ManMohan S. Sodhi is a professor in Operations and Supply Chain Management at Bayes Business School at City, University of London. He is among one of the most prominent voices on the supply chain theme who has written several papers and has had his work published in many publications. Discussing Just-in-Time and Lean Manufacturing with Beroe, including how the pandemic has shaped the supply chain and how suppliers can stay prepared for future events with optimal inventory and capacity, Mr. Sodhi provided some very interesting insights.

Answering if it is time to rethink JIT, he said "The COVID-19 pandemic has rattled companies worldwide. However, my opinion has not changed, and let me be upfront about it. We should revisit why Just-in-Time was developed. JIT was conceptualized so that a company’s internal processes and those of the suppliers at tier 1, 2, 3, and so on, could all be coordinated like clockwork, and thus, minimize inventory holding requirements. Such synchronizing entailed improving internal processes, removing internal disruptions at the outset, and extending this upstream into the supply chain."

When asked, in addition to cutting down inventory and optimizing cost, what are other reasons for JIT's relevance today, Mr. Sodhi had an insightful answer. He said "The JIT concept gained prominence in the 70s and 80s because the mass production of consumer goods became quite prominent. This was the era when the standard of living of many people across the world began to improve." He added, "Mass production is closely linked to Just-in-Time: you could even say that they are two sides of the same coin. Mass production is not going away anytime soon, and thus, Just-in-Time (JIT) is here to stay."

You can read his full interview with Beroe here: Interview: Despite supply shortages, Just-in-Time is here to stay

Frequently Asked Questions

How have the global supply shortages affected businesses?

Supply shortages have shot prices up considerably, especially of various industrial raw materials, including plastics, crude oil, and chemicals. In addition, consumer goods have already begun to reflect some of the impacts of increased raw material costs. Furthermore, changes in factory orders due to the COVID-19 effects have squeezed the supply in some markets and driven up raw material prices.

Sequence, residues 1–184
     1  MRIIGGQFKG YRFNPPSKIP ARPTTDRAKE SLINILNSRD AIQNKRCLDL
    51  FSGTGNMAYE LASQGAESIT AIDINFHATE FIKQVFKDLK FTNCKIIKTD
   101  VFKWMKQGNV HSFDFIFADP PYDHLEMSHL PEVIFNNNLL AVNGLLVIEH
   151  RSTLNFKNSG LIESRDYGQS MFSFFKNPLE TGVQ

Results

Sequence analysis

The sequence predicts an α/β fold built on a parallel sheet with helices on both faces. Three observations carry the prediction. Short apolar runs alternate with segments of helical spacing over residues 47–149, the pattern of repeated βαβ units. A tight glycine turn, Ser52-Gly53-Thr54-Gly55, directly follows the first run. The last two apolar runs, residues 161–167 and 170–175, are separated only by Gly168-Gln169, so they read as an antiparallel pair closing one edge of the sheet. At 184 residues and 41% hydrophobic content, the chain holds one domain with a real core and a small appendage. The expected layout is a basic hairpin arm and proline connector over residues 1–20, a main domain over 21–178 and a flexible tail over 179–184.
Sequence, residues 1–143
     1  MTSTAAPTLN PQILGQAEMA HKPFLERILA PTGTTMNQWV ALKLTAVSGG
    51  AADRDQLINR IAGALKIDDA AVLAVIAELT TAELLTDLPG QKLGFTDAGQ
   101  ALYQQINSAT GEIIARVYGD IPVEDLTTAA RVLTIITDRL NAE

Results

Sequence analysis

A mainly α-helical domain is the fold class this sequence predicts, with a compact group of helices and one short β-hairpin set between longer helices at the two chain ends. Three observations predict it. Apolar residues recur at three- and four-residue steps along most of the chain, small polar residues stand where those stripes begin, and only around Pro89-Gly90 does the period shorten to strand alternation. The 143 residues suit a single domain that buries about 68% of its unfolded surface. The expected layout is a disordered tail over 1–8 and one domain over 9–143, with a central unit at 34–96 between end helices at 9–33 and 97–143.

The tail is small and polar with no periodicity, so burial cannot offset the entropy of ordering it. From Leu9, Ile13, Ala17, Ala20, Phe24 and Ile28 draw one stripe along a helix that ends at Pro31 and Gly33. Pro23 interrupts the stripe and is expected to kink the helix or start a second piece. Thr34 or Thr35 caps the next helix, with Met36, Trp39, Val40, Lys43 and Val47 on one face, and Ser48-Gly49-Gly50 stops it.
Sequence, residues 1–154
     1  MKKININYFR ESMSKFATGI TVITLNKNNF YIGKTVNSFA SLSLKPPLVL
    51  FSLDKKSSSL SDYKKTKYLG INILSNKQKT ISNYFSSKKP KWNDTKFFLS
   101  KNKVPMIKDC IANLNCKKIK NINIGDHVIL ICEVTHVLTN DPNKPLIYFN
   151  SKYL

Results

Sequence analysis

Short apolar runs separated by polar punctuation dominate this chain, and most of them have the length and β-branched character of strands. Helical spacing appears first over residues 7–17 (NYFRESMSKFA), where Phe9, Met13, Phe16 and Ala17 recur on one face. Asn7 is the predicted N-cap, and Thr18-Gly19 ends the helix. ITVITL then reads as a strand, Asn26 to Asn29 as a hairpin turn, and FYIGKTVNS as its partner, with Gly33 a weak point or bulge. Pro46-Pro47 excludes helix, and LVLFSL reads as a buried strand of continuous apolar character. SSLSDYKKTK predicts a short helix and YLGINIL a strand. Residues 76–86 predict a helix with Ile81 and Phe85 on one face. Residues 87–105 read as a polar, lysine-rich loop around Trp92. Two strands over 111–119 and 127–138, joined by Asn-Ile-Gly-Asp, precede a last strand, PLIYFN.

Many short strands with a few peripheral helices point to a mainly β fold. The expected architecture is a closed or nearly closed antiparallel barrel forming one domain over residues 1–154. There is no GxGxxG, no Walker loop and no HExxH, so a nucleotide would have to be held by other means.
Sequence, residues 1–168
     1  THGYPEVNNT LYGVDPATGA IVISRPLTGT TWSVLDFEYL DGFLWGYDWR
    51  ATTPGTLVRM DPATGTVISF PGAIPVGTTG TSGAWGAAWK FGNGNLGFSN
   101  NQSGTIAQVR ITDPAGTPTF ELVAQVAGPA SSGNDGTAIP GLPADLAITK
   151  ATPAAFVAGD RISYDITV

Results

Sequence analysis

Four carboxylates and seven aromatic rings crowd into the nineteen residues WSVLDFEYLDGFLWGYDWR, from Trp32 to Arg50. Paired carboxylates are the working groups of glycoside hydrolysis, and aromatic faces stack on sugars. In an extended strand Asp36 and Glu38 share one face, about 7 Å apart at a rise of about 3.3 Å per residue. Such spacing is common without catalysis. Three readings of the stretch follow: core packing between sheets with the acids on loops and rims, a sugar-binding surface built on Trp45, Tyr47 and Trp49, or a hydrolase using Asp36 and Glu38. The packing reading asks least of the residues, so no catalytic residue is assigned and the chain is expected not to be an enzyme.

What steps should businesses follow to address supply shortage risks?

Companies should implement the following measures to mitigate supply shortage risks:

  • Supplier data management and assessment
  • Approaching multiple suppliers
  • Fine-tune inventory planning and management strategy
  • Improve relationships with existing suppliers
  • Embrace digital tools and solutions

What aspects must businesses look upon while gauging a supplier’s performance?

While assessing a supplier’s data, companies must ask themselves the following questions:

  • How easily and swiftly do they settle disputes?
  • Are the suppliers meeting their SLAs and other contractual commitments?
  • Do they consistently tick the boxes of on-time delivery, quality, worker safety, and eco-friendly methods?
  • Do they carry a positive corporate reputation?
  • Are their invoices accurate?

How does Beroe help in mitigating supply shortage risks and impacts?

Beroe’s inflation analysis solution offers a 360-degree view of the category-centric supply-demand forecast for the coming 6-12 months based on logistics, market, and macroeconomic conditions. Moreover, it delivers real-time, in-depth visibility into supply chain management and inventory control, including stock on order, inventory levels, and supplier performance.

Proactively analyze, prioritize, alleviate, and manage supply shortages and cost inflations for better business outcomes. Check out Beroe LiVE.Ai™